Wix’s “technical SEO” feature offerings include:
- Open Graph tags for social sharing (at least in terms of setting the share image…)
- 301 redirects
- Noindex tags
- Header tags (being able to insert the Facebook Pixel, Google Analytics code, etc.)
- XML sitemaps
- Schema.org implementation
They claim that their HTML5 code is “clean” as another technical SEO benefit but I’m calling BS on that below.
Wix SEO: Code Bloat Issues
When it comes to major issues with Wix SEO, one thing I’ve always heard SEOs talk about is code bloat.
It’s pretty. It’s minimal. For the most part, navigation makes sense and puts the focus on the business owner’s photography service.
At first glance, understanding that I have limited experience with Wix SEO or the platform in general, this structure seems to try to account for all possible types of customization. Unfortunately, even when someone decides on how they want their final website design to look and publishes their website, Wix still includes a lot of unnecessary code.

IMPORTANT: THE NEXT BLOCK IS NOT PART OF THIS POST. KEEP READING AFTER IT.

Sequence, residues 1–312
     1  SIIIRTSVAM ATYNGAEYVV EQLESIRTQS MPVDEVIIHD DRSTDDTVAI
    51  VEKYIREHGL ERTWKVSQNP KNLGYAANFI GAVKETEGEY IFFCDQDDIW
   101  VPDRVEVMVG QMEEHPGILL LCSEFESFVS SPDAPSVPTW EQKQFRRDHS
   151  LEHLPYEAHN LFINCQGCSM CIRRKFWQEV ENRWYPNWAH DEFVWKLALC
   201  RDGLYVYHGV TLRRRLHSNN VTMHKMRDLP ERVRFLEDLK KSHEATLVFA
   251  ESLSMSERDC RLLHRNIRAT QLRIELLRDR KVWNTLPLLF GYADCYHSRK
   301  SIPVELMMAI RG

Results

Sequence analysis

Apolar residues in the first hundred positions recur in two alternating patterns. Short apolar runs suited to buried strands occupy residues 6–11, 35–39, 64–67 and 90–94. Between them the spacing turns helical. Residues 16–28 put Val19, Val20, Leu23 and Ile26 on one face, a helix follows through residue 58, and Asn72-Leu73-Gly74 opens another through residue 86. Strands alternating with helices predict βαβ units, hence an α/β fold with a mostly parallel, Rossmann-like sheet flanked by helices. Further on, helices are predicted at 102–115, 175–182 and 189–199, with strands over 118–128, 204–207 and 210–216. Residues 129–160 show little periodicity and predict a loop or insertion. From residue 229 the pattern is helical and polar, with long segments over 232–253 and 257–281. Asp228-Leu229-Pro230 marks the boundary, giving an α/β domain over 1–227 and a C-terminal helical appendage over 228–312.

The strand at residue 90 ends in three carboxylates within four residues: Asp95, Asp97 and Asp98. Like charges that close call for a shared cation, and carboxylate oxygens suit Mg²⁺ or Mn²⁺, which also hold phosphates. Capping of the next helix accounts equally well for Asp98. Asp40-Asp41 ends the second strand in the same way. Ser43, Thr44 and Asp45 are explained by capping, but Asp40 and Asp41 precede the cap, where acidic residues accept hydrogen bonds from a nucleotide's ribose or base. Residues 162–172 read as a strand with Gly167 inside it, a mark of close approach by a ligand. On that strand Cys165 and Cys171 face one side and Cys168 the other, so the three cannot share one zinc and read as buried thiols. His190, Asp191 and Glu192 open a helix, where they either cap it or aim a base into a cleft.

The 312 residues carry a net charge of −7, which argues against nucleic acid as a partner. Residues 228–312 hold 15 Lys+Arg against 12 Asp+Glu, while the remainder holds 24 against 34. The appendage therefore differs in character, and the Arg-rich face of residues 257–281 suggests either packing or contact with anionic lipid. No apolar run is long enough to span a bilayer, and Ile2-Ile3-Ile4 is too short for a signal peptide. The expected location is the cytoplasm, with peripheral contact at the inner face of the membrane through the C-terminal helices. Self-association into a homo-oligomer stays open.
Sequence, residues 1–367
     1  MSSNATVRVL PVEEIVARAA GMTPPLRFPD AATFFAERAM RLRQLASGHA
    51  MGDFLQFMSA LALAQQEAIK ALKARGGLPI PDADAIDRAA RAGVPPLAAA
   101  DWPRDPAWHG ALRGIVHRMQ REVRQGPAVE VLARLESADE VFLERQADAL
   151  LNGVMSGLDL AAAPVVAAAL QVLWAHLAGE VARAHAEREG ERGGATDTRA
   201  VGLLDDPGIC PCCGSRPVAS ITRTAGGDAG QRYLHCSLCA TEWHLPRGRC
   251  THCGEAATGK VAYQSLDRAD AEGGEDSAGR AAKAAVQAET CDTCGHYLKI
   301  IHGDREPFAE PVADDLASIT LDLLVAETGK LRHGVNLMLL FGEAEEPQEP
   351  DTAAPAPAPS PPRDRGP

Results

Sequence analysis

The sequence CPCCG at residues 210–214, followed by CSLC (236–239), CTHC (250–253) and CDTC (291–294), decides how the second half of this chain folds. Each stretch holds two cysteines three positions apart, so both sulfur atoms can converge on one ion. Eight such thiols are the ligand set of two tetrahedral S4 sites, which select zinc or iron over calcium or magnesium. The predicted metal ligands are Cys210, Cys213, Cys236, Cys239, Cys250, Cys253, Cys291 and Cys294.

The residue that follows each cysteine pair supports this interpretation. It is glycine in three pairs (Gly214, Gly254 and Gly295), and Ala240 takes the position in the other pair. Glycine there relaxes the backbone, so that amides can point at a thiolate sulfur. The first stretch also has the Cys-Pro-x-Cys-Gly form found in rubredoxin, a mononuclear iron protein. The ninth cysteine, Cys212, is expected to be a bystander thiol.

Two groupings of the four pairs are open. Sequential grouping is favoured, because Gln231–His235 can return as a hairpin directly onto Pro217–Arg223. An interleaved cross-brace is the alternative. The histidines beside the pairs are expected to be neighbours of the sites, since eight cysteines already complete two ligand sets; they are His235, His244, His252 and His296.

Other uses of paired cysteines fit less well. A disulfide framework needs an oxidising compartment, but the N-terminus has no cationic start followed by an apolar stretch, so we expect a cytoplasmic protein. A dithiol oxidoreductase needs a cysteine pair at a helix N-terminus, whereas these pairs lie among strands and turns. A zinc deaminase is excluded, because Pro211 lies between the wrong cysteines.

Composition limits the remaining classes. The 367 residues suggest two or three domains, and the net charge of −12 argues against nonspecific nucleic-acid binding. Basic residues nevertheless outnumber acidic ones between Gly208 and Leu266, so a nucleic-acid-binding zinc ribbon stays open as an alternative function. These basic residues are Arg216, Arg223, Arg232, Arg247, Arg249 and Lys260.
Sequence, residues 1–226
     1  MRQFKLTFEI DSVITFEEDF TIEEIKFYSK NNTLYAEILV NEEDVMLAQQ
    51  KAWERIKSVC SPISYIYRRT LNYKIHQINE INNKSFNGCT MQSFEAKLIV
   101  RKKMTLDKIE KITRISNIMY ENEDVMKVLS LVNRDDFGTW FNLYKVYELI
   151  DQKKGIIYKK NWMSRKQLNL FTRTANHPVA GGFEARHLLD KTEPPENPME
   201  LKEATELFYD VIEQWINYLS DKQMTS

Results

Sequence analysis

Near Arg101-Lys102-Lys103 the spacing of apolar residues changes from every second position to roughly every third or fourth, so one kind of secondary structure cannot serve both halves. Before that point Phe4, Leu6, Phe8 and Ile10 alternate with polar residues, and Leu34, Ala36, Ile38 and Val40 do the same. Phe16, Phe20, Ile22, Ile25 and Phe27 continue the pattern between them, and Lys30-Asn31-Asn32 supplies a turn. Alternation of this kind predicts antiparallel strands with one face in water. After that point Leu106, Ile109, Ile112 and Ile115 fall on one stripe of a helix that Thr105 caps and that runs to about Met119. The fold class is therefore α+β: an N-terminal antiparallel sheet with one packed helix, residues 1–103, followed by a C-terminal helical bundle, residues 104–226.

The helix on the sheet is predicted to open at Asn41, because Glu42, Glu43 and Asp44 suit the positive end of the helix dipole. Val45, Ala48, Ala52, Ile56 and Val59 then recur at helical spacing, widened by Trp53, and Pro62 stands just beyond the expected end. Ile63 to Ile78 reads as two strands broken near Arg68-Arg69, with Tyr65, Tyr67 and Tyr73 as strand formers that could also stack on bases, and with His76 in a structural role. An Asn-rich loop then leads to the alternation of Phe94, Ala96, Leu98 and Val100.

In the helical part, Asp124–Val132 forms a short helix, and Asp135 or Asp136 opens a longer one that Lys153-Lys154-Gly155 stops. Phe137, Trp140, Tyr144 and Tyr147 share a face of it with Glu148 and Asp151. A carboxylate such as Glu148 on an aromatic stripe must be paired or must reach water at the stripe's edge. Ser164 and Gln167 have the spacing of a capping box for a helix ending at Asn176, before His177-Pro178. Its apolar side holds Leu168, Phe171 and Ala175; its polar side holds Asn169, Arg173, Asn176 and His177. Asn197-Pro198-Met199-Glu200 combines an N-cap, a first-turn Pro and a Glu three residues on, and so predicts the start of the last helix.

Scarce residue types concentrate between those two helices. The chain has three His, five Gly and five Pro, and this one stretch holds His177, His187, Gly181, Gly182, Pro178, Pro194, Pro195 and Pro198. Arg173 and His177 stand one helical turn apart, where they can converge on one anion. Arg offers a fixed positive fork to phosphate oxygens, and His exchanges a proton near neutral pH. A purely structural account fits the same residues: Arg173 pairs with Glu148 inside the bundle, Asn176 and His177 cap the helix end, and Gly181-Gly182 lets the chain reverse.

Here’s Wix vs WordPress FCP on desktop:
And Wix vs WordPress FCP on mobile:
Wix SEO: Remaining Issues the Platform Needs to Address
Though Wix SEO has gotten much better since 2016, there are still many issues that remain. The following represent some of the worst offenders:
- As far as subheadings, you can use H1-H6 on pages but only H1-H2 on blog posts. It should really be the other way around if you intend to rank with a longform content strategy.
- Insufficient image optimization options: their solution is merely to change resolution when scaling devices without compression to lower the file size. Too many images, without proper optimization, can hurt page load time.
- You can edit your design for smartphones but not tablets.
- They still use arbitrary, non-descriptive image file names upon image upload. This can hurt efforts to rank images in search, even if you use a descriptive ALT tag.
- No hreflang support for multi-lingual websites.
What most concerns me about Wix SEO are claims on their own landing pages that suggest that Wix SEO is best.
…yet according to watchdogs like BeanSEOHero, Wix has made several generalizations about SEO that just aren’t true.
For example, they perpetuate the myth that exact match domains are ideal and will help you rank (they wont):
It’s concerning that Wix bills itself as an authority on SEO, even going as far as to say that it’s the “best”, when it can’t substantiate these claims.
Because of this, Wix SEO incompetence is a self-fulfilling prophecy.